The younger colleague might choose one of the following reactions:
- Don’t dare speak up -> Experienced sexual harassment that only intensifies
- Complain to boss/colleagues -> Risk of conflict or bullying
Regardless of which of the two options is chosen, it is difficult to see how it can end happily for the offended party.
At the same time, it is also worth noting that the ‘violator’ in no way had the intention to violate – but simply misunderstood the other party’s boundaries, because his boundaries were different to the younger colleague.
So yes, it IS complex.
And there can be many losers in such situations.
Have you witnessed sexual harassment? – then you also have a responsibility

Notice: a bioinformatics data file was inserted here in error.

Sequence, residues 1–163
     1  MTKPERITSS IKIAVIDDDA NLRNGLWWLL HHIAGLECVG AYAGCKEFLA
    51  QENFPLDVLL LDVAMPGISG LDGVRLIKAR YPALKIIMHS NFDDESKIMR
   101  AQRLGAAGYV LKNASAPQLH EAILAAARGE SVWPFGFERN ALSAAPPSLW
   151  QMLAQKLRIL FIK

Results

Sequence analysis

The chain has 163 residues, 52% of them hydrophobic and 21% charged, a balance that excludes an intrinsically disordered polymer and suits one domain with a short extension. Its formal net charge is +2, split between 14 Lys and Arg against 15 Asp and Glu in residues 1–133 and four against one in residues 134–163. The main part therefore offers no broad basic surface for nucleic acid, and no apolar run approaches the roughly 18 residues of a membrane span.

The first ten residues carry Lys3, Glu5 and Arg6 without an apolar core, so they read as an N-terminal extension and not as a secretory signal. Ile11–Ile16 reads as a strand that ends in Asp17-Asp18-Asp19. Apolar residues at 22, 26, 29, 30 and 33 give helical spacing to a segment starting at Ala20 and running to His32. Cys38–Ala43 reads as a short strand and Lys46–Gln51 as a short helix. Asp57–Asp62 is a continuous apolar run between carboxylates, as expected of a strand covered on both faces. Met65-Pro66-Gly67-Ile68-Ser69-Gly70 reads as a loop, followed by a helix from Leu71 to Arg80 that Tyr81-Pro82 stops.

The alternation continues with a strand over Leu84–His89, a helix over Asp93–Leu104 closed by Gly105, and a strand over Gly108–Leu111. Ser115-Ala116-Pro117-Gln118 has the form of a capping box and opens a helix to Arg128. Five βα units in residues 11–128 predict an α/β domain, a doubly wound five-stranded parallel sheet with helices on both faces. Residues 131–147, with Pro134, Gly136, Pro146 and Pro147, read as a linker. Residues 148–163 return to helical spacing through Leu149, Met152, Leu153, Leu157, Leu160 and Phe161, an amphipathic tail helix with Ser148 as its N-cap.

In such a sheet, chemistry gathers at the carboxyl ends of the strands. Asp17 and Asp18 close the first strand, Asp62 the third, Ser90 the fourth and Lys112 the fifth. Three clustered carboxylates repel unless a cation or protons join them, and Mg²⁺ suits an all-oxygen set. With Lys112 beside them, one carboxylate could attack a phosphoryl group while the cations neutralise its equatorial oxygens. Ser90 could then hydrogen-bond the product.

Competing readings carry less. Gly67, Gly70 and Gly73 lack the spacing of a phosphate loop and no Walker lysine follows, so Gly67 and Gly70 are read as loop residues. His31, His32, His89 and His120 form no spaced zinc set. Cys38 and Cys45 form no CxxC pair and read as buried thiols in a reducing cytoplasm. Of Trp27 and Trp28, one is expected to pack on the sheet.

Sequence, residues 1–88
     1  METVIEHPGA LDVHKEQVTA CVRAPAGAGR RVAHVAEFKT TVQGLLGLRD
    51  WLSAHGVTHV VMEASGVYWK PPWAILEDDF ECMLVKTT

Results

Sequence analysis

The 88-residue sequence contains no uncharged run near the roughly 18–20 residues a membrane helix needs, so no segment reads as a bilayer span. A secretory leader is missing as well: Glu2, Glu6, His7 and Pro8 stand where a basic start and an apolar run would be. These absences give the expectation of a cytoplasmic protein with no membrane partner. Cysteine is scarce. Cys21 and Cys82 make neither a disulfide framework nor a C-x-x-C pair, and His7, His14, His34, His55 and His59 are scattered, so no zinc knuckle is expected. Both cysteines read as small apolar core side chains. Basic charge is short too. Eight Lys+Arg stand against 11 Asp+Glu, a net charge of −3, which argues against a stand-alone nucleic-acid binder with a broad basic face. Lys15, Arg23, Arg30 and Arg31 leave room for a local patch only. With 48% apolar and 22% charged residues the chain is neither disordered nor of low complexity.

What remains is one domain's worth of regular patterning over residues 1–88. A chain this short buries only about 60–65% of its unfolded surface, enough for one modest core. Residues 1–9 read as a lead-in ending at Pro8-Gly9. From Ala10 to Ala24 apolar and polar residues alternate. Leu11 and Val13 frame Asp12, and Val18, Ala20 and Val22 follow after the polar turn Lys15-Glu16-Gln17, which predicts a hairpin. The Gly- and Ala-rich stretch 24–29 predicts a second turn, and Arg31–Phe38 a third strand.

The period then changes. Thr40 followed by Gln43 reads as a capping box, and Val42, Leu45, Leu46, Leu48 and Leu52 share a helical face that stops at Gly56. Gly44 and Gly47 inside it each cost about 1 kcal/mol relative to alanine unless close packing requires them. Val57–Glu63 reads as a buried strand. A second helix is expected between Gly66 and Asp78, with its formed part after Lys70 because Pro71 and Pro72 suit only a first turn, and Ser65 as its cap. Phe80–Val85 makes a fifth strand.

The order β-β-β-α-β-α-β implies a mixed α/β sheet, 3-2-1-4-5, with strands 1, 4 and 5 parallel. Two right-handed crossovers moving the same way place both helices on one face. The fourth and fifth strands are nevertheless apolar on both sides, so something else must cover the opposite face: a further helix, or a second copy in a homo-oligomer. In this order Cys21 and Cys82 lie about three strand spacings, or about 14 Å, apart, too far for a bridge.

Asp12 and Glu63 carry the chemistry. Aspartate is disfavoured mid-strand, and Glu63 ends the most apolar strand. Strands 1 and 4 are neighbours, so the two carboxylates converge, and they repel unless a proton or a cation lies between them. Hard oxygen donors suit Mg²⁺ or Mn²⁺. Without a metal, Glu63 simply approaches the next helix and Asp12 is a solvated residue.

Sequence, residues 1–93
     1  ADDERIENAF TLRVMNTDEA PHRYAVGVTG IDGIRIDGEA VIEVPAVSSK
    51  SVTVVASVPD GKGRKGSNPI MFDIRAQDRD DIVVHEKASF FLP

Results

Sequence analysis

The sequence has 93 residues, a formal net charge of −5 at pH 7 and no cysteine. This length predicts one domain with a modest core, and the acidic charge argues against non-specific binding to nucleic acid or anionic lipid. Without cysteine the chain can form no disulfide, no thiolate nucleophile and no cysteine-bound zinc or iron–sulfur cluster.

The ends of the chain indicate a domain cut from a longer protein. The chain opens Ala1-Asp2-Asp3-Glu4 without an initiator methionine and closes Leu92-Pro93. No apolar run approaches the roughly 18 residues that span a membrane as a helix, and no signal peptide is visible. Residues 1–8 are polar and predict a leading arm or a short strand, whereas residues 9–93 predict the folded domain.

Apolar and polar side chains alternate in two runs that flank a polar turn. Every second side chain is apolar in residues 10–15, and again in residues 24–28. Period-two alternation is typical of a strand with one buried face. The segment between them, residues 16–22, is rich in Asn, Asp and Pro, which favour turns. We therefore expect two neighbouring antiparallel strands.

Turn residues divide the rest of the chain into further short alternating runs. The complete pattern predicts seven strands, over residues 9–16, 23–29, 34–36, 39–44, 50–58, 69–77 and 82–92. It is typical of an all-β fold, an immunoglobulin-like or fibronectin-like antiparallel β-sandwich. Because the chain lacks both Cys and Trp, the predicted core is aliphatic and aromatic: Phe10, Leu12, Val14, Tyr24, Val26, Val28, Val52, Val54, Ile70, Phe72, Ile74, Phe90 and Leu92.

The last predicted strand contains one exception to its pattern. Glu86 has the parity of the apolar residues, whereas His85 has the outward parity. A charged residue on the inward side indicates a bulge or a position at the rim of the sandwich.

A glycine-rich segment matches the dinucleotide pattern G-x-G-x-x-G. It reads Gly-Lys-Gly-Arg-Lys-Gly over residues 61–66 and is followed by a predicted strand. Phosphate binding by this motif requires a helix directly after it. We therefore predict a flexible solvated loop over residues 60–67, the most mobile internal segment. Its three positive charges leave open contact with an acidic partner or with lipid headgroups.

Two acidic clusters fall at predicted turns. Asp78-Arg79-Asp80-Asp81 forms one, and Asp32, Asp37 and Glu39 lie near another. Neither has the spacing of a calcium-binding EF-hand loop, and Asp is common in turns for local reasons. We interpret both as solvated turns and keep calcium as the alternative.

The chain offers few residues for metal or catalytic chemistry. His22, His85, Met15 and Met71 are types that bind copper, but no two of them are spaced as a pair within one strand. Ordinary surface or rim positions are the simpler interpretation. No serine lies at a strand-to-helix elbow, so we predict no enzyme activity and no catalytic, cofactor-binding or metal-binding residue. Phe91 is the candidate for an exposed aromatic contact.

Regardless of the situation in the workplace in question, it is extremely important that you, as a witness to harassment, act on it.
Still, there are an incredible number of people who take on the role of passive witness. And they do it because:
– They are afraid that it will affect themselves if they intervene
– They think that the person who is being violated is up to it
– They have a close relationship with the offender
– Sexual harassment is normalized in a group
– Violating gives status in a group
And that is completely natural.
Because how many situations and conflicts could be averted with the right immediate intervention from colleagues around.
One can assume different roles as a witness to abusive acts.
There are 6 different types:
The ball molder
Are you a ball molder?
That is, the person who initiates an offensive situation – either by doing so directly or by indirectly creating a situation where others are initiated to be active in an offensive situation.